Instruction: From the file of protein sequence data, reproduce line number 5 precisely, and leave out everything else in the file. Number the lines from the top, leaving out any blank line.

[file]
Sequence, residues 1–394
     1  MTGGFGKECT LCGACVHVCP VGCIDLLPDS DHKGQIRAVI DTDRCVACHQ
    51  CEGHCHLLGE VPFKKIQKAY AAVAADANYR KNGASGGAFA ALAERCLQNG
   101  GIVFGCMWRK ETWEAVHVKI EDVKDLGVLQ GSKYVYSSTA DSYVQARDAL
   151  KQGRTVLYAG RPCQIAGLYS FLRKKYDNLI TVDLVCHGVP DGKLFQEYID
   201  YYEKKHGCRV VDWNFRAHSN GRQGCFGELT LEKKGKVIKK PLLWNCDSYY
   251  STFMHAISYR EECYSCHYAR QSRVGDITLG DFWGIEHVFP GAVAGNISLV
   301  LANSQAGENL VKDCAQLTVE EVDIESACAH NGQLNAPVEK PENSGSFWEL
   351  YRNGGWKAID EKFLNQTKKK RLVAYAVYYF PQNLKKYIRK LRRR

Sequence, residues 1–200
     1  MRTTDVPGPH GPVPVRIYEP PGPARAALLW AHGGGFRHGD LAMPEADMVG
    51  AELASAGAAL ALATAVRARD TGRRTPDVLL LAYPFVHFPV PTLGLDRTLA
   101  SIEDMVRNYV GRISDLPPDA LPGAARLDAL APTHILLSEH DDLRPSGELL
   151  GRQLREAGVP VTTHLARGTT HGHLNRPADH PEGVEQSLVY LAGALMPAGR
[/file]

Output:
   151  KQGRTVLYAG RPCQIAGLYS FLRKKYDNLI TVDLVCHGVP DGKLFQEYID